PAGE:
Once all claims in a patent application have been allowed, the Examiner can close prosecution of the application on the merits, even though there may be outstanding formal objections which preclude fully closing the prosecution. The Examiner does this by issuing an Ex Parte Quayle Action.
An Ex Parte Quayle Action can be favorable, because it means you are highly likely to obtain a patent. That, of course, depends on whether you accept the scope of the allowed claims. You can attempt to respond to the action with an amendment. This will be a choice driven by your plans for the patent and the claims allowed. If claims were withdrawn, you may choose to try to bring those into the application. Amendments going to the merits of the case are then treated similarly to those made in response to a final rejection, in which the Examiner can either consider the amendments or refuse to enter them.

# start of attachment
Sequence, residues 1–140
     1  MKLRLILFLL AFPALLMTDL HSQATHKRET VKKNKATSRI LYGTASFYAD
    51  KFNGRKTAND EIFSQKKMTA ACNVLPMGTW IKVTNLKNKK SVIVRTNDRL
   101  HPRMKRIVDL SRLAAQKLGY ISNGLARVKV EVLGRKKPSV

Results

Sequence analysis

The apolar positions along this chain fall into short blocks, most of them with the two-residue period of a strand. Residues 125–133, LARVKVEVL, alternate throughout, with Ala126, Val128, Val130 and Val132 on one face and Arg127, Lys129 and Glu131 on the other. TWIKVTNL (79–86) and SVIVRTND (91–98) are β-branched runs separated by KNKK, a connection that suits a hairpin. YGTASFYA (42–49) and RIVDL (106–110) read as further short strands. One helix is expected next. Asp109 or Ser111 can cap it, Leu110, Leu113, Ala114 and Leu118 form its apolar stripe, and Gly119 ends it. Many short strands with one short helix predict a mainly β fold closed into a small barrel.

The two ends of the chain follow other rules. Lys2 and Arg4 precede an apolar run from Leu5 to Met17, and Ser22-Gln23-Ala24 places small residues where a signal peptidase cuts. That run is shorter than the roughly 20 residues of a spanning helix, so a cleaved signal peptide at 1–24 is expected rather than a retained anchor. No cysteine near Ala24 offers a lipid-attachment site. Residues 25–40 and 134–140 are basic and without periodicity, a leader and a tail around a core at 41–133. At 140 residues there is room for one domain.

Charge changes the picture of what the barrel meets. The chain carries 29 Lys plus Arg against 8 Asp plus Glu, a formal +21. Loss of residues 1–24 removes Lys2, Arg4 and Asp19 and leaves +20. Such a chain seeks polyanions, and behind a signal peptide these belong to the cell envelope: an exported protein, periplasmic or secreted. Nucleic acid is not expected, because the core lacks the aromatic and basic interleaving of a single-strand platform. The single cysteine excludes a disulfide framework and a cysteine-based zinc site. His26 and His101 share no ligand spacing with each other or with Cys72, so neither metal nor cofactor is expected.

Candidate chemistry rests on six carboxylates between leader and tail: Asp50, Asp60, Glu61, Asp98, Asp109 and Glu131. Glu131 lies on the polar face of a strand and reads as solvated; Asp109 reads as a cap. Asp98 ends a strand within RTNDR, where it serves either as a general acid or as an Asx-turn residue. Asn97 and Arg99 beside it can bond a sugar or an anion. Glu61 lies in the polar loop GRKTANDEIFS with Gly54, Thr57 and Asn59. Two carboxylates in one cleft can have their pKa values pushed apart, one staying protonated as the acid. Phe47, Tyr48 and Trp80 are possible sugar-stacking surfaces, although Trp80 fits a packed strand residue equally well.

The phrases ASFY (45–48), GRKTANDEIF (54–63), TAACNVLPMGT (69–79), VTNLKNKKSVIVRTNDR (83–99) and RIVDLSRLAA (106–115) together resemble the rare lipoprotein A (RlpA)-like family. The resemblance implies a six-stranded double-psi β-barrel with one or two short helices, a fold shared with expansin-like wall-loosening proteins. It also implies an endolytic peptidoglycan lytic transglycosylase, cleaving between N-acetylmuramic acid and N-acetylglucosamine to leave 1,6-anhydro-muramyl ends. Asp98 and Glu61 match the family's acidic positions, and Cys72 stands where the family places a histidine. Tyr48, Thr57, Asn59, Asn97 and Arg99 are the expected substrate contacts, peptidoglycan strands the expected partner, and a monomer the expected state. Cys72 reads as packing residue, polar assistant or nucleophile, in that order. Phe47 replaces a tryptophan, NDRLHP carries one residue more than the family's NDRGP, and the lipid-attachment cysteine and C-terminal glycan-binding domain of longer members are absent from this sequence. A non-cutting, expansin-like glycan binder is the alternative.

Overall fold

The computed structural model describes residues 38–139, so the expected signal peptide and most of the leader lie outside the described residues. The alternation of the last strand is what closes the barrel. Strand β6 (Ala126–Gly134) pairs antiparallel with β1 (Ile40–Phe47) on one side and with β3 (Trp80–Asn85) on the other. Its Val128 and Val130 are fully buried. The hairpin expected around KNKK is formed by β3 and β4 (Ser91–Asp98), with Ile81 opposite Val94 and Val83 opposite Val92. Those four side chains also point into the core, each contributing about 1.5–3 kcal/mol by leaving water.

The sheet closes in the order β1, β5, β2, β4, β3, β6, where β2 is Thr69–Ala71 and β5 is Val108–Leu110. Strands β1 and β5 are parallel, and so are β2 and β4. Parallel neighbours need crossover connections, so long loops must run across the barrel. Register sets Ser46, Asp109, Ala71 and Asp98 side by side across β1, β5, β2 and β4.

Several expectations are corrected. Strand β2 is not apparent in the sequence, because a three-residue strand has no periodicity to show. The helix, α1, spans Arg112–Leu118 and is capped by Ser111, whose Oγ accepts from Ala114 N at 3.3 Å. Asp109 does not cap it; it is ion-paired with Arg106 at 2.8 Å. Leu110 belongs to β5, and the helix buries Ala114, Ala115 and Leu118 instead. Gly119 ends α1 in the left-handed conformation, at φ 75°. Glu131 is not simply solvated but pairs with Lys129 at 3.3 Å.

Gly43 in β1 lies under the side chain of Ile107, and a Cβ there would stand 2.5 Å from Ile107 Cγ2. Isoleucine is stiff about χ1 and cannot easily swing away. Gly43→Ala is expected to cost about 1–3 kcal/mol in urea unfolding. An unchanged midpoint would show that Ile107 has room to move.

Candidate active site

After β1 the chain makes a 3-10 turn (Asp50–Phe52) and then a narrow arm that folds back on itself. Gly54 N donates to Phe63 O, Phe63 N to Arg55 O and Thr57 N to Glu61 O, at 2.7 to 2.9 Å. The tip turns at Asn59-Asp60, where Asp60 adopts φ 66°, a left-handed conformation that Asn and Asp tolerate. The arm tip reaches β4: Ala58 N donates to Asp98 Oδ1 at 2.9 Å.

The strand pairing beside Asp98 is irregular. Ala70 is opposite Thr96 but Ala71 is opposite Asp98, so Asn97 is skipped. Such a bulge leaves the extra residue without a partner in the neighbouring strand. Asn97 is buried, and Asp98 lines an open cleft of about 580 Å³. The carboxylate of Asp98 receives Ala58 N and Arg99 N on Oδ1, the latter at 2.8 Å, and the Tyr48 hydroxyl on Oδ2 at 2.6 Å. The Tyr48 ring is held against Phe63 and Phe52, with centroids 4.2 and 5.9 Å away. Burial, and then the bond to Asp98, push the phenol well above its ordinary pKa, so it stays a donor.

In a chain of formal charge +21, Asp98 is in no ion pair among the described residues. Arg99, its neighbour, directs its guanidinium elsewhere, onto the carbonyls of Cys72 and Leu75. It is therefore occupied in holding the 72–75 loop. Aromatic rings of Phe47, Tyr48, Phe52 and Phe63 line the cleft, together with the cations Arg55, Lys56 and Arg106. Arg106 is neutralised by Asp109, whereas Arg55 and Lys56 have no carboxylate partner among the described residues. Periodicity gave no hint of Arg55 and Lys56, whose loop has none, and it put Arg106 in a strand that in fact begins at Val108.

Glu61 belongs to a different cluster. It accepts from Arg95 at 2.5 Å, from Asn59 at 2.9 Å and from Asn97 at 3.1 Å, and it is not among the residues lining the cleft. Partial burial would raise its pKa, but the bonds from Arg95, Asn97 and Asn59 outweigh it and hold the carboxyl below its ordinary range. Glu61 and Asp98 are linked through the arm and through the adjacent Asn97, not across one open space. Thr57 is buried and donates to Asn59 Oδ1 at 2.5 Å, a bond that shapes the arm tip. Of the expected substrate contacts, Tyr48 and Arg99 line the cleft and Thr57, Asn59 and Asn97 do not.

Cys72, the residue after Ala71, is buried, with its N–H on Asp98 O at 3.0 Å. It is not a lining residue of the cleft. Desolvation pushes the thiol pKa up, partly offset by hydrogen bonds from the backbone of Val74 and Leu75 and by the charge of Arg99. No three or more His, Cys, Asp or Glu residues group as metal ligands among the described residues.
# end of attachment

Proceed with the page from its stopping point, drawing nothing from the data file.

Frequently, though, an applicant will accept and correct the formal issues raised in the Ex Parte Quayle Action so that the patent application can issue as a patent soon.